After Allianz Köpke moved to Feri, the consultancy, at a time when a few, small local teams left asset managers or insurers to set up investment advice consulting firms. “The teams worked with convincing corporations to not only ask questions on the liability side but also on the asset and investment side, leading to strategic and asset management advice,” he says.
He says that, in the beginning the advice was domestically orientated as it was a very relationship-driven industry and investors wanted to stick to local players. “Eventually there were questions on whether or not it would not be better to look at a broader field of managers, including foreign players. This led to the development of the industry. Larger corporations started looking at global players such as Mercer and Watson Wyatt in London for advice, but that was not practical in the long run. The next natural step was for the global players to establish a local presence,” Köpke says.
Investment consulting teams were established from 2004 onwards. Köpke says that now Watson Wyatt, with the added strength of Heissmann, is in a good position to service large international corporations that want to establish in Germany as well as German firms that are going abroad. “We can now do both sides of the coin with local people and global resources. Heissmann has a number of local clients who want international knowledge and Watson has a number of international clients that want local knowledge,” he says.
Köpke expects more consolidation in the industry as sophistication and complexity of investment grows, with clients demanding a broader range of services. “We want to concentrate on larger clients and clients who need international advice, alternative investments and full-service projects,” he says.
Kinzler says Mercer wants to introduce its implemented consulting model to Germany and believes clients are accepting that in an increasingly complex world ongoing advice makes better sense than ad hoc projects.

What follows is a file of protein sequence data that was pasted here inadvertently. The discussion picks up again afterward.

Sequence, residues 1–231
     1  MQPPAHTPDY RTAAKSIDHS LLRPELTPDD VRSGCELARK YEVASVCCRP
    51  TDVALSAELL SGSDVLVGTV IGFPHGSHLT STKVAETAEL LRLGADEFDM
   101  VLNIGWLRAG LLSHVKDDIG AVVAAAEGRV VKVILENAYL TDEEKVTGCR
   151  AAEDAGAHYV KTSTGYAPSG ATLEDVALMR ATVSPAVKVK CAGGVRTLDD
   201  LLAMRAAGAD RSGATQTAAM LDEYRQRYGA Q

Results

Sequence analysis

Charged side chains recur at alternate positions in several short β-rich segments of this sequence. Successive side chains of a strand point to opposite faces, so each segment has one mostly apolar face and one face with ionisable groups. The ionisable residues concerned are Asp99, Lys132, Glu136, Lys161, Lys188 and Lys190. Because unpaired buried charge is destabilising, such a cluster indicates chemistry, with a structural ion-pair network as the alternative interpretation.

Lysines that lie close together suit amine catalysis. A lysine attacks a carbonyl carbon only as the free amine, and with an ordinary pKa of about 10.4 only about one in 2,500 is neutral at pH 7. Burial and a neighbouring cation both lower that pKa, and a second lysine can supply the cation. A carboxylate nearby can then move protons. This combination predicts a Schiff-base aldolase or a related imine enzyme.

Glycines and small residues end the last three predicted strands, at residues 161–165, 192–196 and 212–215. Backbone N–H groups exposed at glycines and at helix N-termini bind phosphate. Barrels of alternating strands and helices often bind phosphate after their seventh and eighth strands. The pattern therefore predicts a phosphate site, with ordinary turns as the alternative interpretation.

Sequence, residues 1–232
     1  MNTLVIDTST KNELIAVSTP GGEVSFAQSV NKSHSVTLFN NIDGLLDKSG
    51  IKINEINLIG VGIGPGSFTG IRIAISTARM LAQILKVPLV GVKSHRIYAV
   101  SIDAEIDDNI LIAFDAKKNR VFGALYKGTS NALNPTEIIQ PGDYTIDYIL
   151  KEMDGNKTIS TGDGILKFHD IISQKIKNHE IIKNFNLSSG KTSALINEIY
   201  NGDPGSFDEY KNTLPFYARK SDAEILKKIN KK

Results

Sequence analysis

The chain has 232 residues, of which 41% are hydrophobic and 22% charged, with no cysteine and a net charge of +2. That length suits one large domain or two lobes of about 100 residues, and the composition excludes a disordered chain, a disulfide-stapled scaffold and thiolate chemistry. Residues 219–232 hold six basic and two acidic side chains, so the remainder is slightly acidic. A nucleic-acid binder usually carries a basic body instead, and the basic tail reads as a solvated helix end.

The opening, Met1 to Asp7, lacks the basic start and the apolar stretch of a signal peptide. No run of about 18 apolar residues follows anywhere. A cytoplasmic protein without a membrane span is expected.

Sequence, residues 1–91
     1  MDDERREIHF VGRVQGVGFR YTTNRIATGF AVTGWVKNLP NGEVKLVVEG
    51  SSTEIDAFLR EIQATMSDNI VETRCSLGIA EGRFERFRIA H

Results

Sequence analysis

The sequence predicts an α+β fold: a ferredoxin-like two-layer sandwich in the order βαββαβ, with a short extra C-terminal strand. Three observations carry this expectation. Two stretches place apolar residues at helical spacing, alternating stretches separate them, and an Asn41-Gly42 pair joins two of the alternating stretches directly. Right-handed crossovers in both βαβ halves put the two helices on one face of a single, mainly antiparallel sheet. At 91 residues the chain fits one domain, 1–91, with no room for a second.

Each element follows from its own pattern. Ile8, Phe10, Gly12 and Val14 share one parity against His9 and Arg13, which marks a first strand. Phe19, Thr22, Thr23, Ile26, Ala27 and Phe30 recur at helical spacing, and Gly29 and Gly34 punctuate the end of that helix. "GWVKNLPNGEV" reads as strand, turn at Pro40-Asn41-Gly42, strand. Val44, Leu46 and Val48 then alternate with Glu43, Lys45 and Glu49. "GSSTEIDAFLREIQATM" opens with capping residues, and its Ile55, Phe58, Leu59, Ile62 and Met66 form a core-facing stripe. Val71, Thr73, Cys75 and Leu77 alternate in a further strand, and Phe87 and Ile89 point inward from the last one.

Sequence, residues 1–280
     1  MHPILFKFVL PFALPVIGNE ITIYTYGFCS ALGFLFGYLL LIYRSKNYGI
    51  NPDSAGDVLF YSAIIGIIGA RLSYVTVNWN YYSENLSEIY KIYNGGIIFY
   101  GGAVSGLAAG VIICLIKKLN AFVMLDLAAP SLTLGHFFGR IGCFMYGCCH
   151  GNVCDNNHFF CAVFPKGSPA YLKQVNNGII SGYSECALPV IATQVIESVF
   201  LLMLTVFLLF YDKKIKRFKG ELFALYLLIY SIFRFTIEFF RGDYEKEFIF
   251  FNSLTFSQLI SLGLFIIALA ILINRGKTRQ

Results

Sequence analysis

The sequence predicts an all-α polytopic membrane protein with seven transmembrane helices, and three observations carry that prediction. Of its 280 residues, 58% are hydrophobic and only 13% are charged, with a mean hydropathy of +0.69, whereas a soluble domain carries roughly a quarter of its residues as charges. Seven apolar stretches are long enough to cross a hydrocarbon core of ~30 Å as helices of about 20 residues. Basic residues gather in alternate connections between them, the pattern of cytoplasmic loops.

Watson Wyatt Heissmann has 14 people concentrating on investment advice, compared to Mercer’s 12. Köpke notes that although that might sound small, few have larger teams with a pure focus on investments.
Much has been made of the logistics of integration at the new entity made up of the two companies but Köpke is convinced the teams will be a good fit and work well together.
Heissmann continues to keep its base in Wiesbaden and Boy-Jürgen Andresen will continue to head the firm. Andresen, who turned 60 last year, is also chairman of German corporate pensions association aba.
Alfred Gohdes, managing director at Heissmann who was in charge of the consultant’s foreign expansion, is also expected to remain a high-ranking executive in the future Watson Wyatt Heissmann. Bernd Haferstock is Köpke’s counterpart at Heissmann.
As international players are clawing to get a foothold in Germany, domestic players such as Feri Institutional Advisors (FIA), are looking to expand abroad.
Dirk Söhnholz, managing director of FIA, says its next step is to expand in Switzerland. “Our main business is in Germany and Austria but we also have clients in northern Italy as well as the UK. We are actively pursuing international expansion and are currently hiring consultants for Austria and Switzerland.” Söhnholz declined to specify other countries it wants to expand into as the discussions are currently only internal.